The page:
Wednesday, May 18, 2005

The mystery piano man from London. I've called him "Nigel."

Tuesday, May 17, 2005

Another K-Paxian Arrives


Sits at the piano bench in a ragged tuxedo and begins to play selections from the Bach Concertos on the instrument he drew from memory.

Beth, his nurse in the mornings, stands ten feet away. Any closer and he would again be agitated; he is frightened of people, and places, and things. Beth moves a hand to smooth down some of the wrinkles of the blue patterned scrubs she wears. They were stained by the jelly which was on the toast which Nigel tossed her direction at breakfast, but in the light of the fingered artistry of his playing she is subconsciously concerned about the appearance of her clothes. Her mouth is slightly open; her eyes locked on Nigel.

He plays, and clearly has played before. It is not perfection, but it is too close for this hour, for this place, for this Nigel. The skill makes the circumstance tense, but offering hope.

Dr. Standish sits in a folding chair in the dim corner of the dining room. How is it that there is fresh air here? The usual smells of this house have lifted from this corner. How is it that the sounds - cries and groans and babbling of patients - are overwhelmed by the mathematical quiet of Bach? How is it that, at eight-forty on a Tuesday morning, just before his normal rounds begin, confident and stable Dr. Standish is sheltering his face from the small group of people gathered here? He is touched; he is embarrassed.

Nigel plays. His eyes dance to the fugue. The music pours from inside. The labels have been ripped from his clothes, mirroring the nervous truth of his identity. He is completely lost, forgotten by whoever once cared. He is mute by his heart and head, but his fingers speak. They credential a story.

He is.

He plays.

More are gathered here now. They are listening, attentive. This establishes him, anchors him in time. He plays with intent. He has had a yesterday. He will have a tomorrow. None of it is sure, but all is made actual by the music.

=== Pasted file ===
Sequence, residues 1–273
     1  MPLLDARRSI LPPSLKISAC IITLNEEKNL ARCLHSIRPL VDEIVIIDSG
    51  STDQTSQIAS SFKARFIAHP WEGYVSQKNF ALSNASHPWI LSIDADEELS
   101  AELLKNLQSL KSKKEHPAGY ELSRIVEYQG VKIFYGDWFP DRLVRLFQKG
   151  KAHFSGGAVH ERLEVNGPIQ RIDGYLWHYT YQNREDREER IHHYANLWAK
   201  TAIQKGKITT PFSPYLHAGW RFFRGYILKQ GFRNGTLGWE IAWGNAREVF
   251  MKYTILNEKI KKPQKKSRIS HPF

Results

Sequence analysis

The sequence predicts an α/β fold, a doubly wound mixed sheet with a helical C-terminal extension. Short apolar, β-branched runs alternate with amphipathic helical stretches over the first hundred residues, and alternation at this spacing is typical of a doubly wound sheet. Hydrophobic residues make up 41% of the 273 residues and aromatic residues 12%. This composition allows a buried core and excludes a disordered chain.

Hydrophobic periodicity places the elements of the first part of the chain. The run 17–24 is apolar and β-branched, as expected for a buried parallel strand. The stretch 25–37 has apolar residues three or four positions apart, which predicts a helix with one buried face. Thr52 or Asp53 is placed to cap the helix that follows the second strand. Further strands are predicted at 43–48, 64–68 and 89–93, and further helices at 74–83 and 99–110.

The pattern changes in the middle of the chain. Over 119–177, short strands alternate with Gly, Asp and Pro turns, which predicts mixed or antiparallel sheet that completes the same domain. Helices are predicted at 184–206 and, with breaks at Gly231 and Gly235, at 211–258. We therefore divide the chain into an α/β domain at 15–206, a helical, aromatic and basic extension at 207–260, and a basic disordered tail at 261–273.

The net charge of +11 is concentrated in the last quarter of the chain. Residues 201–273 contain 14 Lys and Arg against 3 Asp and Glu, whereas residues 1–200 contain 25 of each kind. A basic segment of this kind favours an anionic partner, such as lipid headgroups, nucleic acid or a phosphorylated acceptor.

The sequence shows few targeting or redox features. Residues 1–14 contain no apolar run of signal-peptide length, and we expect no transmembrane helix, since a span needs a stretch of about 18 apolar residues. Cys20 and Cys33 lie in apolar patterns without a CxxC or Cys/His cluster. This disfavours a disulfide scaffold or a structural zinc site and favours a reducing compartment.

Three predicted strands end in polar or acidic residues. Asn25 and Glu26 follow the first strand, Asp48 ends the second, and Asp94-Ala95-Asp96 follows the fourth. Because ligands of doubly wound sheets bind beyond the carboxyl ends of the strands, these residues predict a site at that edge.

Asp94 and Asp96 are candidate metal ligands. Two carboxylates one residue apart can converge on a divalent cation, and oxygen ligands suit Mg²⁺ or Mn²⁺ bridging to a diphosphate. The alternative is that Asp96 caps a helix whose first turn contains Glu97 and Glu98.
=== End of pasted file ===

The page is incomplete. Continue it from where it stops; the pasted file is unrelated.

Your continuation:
Thursday, May 12, 2005

Why I Can't Write, and Why I Do

From Walking on Water, by Madeleine L'Engle:

It may be that we have lost our ability to hold a blazing coal, to move unfettered through time, to walk on water, because we have been taught that such things have to be earned; we should deserve them; we must be qualified. We are suspicious of grace. We are afraid of the lavishness of the gift.

But a child rejoices in presents!

Friday, May 06, 2005


Everything has a story.

I took a walk the other day. It was "Refuse Collection" day - trash day - and up and down the blocks surrounding my house people had put their objects d'junque on the curb, never to be seen again.

What can you tell about someone when you look at their trash?

One house had assembled a used toy store, mostly pre-school stuff, colorful under a layer of toddler grime. Playschool houses, some games, a box or two of stuffed creatures. What prompted the trash? What happened that motivated this stuff - still useful - to become garbage? Did a little child grow up? Was this punishment for some infraction of family rules? Are people moving - a doctor gets relocated; a laid-off auto worker must find work elsewhere? Was there a divorce? Did a child die?

Another block revealed an organ. Small, cheap, maybe 20 years old, at one point a marvelous gift that made the recipient cry, but now superseded by keyboards that can sound like a choir or a truck or an organ. Who played the instrument? Did they stop, or did they upgrade?

There was a house which bore the remnants of a party. Hundreds of bottles. A dozen pizza boxes. What was the celebration? Who was there? Did they leave and drive home sober?

There was a house with four mirrors. All were in good shape, except one which had been broken at the curb. What happened to the occupant that forced a need to abandon these personality tools? Was there the purchase of better mirrors? Or was it a decision to stop looking? Stop caring? Stop obsessing?

One place had a nice couch. We have a couch with holes in it sitting in our living room. This couch was better. I almost thought about . . . But, no. Wrong color.

In the last two weeks I have heard, from independent sources in vastly different situations and localities, stories of people who have been discarded by church. They had been carried to the curb.
What prompted the church, local or spiritual, to conclude that these individuals were disposable? How did it happen that they were determined to be refuse?
Some told about walking back from the dump to try again, only to suffer the same fate. Others had been recycled - reprocessed by a different brand, denomination, cult - but, like an empty milk jug, they ended up as trash again, one way or the other. All of these people shared one thing: a complete aversion to church. They had come to a place, a curb, and they made a deep, personal, spiritual commitment there. They had responded to a different call, an anti-altar call; they were running away from the church and vowed never to return.
You can tell a lot about a house by what they put on the curb.

Thursday, May 05, 2005

In Memorium

My youngest produced this memorial for his beloved pet Beta fish. His name was Niko Xarth. Not my youngest, who's name is Jon, but the fish. The fish was named Niko Xarth. That's pronounced "szaeorth."

Jon loved his fish and kept good care of him.

Please respond here with condolences. In lieu of flowers, please send contributions to your local SPCA, or the recently formed ROSBLCTF. That's pronounced "rosblechtf." It stands for the Royal Oak Society for Better Living Conditions for Tropical Fish.